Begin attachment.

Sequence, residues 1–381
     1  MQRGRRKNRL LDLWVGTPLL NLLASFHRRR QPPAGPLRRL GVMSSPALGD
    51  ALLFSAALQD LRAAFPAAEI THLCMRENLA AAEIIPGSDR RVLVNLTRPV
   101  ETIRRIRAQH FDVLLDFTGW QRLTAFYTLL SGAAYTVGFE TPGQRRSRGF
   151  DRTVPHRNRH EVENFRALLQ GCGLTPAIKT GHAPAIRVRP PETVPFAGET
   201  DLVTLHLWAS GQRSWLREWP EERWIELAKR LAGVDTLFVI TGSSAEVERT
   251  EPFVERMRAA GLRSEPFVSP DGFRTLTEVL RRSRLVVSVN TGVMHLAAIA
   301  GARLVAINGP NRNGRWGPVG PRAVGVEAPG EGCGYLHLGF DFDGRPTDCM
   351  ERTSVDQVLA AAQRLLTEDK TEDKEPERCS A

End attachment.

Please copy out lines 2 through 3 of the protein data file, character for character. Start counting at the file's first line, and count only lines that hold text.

     1  MQRGRRKNRL LDLWVGTPLL NLLASFHRRR QPPAGPLRRL GVMSSPALGD
    51  ALLFSAALQD LRAAFPAAEI THLCMRENLA AAEIIPGSDR RVLVNLTRPV